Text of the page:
Here are some leads I wish there were time for me to work on; as there is not, I offer them for others to take up:
Terrorism in blue vs. red states: The United States is split fairly evenly between Democrats and Republicans. Given how much more inclined Republicans are to take steps to fight terrorism, is there quantitative evidence to suggest that the terrorists gravitate to the Democratic-dominated states to carry out operations?
Letters of marque for the twenty-first century: For many centuries, governments lacking the means to hunt down pirates provided "letters of marque" to private ship owners, commissioning them to take down the pirates and take a portion of the profits. (Click here for some examples.) The concept is known as privateering; it was written in the U.S. Constitution ("The Congress shall have Power ... To declare War, grant Letters of Marque and Reprisal"), where it remains in force to the present. Should this idea be revived in the age of Al-Qaeda and other Islamist terrorists? June 26, 2005 update: Douglas R. Burgess Jr. takes a stab at this topic in "The Dread Pirate Bin Laden: How thinking of terrorists as pirates can help win the war on terror," Legal Affairs, July-August 2005.
Islamist organizations and individuals in the West: A profusion of radical Islamic institutions have grown up in North American and Western Europe since the 1960s, and especially since about 1990. Trouble is, most of them are unknown in terms of personnel, ideology, track record, and intentions. The same applies to prominent Islamist personalities. I personally have made a specialty of the Council on American-Islamic Relations, with quick forays to study other organizations (such as the Center for the Study of Islam and Democracy, the Muslim American Society, and the Progressive Muslim Union). I watch individuals such as Jamal al-Amin and Khaled Abou El Fadl. But vastly more research is needed. As I have done previously, I again urge anyone with time on his hands and a desire to defeat terror to sharpen the pencils and boot up the computer.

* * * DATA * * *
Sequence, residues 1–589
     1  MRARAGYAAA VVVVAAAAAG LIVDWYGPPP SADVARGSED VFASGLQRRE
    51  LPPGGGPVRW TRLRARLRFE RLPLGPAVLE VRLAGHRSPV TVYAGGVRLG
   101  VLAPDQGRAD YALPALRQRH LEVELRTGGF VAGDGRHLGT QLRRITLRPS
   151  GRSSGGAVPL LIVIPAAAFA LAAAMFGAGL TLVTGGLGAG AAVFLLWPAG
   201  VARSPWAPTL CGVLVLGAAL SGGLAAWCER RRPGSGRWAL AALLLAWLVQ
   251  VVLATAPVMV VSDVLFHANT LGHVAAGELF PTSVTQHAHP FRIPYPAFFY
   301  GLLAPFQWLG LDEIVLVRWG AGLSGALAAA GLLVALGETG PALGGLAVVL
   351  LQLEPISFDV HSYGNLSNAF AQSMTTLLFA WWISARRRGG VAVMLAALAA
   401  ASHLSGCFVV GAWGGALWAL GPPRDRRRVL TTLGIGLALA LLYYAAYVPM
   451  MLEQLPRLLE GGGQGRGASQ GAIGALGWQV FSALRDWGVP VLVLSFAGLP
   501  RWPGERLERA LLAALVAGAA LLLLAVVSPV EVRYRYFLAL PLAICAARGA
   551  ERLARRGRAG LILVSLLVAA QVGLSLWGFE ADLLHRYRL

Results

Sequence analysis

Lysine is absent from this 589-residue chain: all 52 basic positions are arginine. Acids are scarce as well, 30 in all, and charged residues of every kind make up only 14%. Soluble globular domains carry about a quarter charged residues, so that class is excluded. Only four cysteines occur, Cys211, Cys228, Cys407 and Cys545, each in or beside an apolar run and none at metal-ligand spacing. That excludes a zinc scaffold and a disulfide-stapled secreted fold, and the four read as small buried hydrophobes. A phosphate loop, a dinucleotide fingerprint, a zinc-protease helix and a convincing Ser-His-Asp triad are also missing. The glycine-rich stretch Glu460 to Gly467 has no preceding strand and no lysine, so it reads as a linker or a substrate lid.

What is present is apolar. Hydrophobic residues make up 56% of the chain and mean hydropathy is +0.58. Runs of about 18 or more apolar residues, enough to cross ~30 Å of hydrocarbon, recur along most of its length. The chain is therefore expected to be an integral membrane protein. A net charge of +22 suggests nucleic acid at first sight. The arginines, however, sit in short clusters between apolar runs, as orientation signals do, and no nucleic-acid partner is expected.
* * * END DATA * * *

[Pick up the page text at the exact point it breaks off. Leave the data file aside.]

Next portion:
Analyze Islamic holy books vis-à-vis Zionism: The Qur'an contains many proto-Zionist sentiments (see, for example, this collection) but what do they amount to? An in-depth analysis of the Qur'an, the Hadith, and other authoritative writings is much needed.
A full-length study of UNRWA: It's a truism that Jerusalem stands at the heart of the Arab-Israeli conflict, but I say that the United Nations Relief and Works Agency and the so-called Palestinian refugee problem stand at its fetid core. An in-depth study of UNRWA's evil doings would be a step toward the conflict's resolution. (February 22, 2005) June 10, 2011 update: A second study, a more subtle one, concerns the psychological impact that the refugee status has on 2nd, 3rd, and succeeding generations of "Palestine refugees." How much does this designation distort their lives and affect their politics?
Is the Hatay problem solved? As I ask in a weblog entry of this title, how could so major an accord as one between the Turkish and Syrian governments take place on December 22, 2004, with almost no one noticing it? Was such an accord really signed ?
Paintball and jihad: "The connection between paintball and jihad is one an enterprising researcher might look into," I noted in a comment at "Islamist Paintball, Anyone?" I sketch some of the connections there between this unlikely duo, but the topic deserves in-depth scrutiny.